mammalian life has here made since the beginning of the Eocene. As it is, I can only say, in summing up, that the Marsupials are clearly the remnants of a very ancient fauna, which occupied this continent millions of years ago, and from which the other mammals were doubtless all derived, although the direct evidence of the transformation is wanting.
Although the Marsupials are nearly related to the still lower Monotremes, now living in the Australian region, we have as yet no hint of the path by which these two groups became separated from the inferior vertebrates. Neither have we to-day much light as to the genetic connection existing between Marsupials and the placental Mammalia, although it is possible that the different orders of the latter had their origin each from a separate group of the Marsupials.
The presence, however, of undoubted Marsupials in our lower and middle Eocene, some of them related to the genus Didelphys, although remotely, is important evidence as to the introduction of these animals into America. Against this, their supposed absence in our Miocene and Pliocene can have but limited weight, when taken in connection with the fact that they flourished in the Post-Tertiary, and are still abundant. The evidence we now have is quite as strongly in favor of a migration of Marsupials from America to the Old World, as the reverse, which has been supposed by some naturalists. Possibly, as Huxley has suggested, both countries were peopled with these low mammals from a continent now submerged.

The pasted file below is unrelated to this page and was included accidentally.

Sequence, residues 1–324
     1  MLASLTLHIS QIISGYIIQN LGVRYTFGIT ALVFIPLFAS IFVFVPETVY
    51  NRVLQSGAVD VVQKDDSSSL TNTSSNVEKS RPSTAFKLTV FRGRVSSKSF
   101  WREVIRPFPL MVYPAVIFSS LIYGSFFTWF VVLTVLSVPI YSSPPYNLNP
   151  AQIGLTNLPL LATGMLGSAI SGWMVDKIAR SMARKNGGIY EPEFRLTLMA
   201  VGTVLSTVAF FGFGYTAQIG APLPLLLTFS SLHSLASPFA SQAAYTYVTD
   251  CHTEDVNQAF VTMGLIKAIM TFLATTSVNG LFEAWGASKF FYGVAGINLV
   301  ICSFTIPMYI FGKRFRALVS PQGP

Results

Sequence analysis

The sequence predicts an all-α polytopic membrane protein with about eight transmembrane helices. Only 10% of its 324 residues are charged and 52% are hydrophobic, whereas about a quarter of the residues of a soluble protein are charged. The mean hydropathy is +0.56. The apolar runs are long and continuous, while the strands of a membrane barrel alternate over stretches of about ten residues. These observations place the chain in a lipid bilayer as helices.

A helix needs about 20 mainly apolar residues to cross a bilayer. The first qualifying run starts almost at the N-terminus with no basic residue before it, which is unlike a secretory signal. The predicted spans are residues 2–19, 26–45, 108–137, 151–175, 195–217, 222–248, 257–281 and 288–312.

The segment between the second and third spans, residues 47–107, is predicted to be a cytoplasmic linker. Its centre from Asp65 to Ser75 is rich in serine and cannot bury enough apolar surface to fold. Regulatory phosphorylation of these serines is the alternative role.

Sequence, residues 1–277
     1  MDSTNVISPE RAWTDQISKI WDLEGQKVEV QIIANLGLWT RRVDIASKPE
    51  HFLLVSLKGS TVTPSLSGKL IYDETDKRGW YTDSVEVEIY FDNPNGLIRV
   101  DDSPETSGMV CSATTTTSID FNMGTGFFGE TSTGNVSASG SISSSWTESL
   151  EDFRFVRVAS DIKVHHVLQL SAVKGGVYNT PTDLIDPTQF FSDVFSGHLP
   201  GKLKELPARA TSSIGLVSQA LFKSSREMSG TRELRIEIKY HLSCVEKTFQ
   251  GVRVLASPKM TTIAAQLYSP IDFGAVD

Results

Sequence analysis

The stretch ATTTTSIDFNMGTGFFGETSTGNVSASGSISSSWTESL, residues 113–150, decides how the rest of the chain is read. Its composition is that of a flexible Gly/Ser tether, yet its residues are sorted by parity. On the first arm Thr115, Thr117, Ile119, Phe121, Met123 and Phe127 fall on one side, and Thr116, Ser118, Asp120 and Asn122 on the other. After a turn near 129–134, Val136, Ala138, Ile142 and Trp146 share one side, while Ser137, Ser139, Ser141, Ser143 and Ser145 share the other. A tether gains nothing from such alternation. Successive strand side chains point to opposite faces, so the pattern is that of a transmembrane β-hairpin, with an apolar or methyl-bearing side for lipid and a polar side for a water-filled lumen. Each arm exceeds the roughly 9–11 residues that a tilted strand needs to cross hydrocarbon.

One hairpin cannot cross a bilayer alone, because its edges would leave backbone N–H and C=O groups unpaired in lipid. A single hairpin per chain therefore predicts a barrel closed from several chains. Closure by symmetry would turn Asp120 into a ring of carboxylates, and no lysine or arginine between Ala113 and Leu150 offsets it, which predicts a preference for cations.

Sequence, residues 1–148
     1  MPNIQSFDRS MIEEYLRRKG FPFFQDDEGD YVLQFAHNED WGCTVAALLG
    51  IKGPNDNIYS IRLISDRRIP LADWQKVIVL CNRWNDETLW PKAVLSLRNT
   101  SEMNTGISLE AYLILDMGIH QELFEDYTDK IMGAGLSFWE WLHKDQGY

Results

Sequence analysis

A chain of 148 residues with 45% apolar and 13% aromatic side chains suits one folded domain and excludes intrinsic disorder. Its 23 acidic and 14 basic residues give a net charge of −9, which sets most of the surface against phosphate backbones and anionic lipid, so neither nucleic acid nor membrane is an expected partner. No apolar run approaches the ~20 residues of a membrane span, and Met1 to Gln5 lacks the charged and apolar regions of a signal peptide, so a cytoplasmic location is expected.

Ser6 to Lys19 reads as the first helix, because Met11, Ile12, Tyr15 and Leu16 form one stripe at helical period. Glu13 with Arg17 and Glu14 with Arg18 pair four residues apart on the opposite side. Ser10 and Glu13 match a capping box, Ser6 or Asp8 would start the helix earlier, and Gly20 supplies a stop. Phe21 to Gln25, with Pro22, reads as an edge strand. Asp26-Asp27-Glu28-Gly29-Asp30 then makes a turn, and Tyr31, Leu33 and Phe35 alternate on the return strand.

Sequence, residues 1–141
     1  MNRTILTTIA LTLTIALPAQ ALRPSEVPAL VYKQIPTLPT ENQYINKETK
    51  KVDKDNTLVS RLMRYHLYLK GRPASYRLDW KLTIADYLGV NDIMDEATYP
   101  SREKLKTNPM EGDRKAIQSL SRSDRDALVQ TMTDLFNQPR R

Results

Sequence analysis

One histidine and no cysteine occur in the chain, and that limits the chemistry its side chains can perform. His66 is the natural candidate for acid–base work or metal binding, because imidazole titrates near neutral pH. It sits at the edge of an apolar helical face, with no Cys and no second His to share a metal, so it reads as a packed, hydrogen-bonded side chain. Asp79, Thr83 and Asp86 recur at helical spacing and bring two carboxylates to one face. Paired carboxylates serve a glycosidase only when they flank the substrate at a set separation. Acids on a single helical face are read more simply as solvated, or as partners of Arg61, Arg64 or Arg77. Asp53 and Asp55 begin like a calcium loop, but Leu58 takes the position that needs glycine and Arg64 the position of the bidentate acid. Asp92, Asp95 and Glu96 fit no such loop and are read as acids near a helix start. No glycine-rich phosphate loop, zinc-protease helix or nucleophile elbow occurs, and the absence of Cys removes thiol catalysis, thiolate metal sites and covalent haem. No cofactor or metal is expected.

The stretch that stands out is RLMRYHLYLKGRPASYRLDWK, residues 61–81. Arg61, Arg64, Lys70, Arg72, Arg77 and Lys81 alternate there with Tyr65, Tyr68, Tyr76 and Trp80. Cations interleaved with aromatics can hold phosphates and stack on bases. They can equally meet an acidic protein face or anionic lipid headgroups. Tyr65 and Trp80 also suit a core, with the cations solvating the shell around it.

The Edentate mammals have long been a puzzle to zoölogists, and up to the present time no clew to their affinities with other groups seems to have been detected. A comparison of the peculiar Eocene mammals which I have called the Tillodontia, with the least specialized Edentates, brings to light many curious resemblances in the skull, teeth, skeleton, and feet. These suggest relationship, at least, and possibly we may yet find here the key to the Edentate genealogy. At present, the Tillodonts are all from the lower and middle Eocene, while Moropus, the oldest Edentate genus, is found in the middle Miocene, and one species in the lower Pliocene.
The Edentates have been usually regarded as an American type, but the few living forms in Africa, and the Tertiary species in Europe, the oldest known, have made the land of their nativity uncertain. I have already given you some reasons for believing that the Edentates had their first home in North America, and migrated thence to the southern portion of the continent. This movement could not have taken place in the Miocene period, as the Isthmus of Darien was then submerged; but, near the close of the Tertiary, the elevation of this region left a much broader strip of land than now exists there, and Over this the Edentates and other mammals made their way, perhaps urged on by the increasing cold of the glacial winters. The evidence to-day is strongly in favor of such a southern migration. This, how-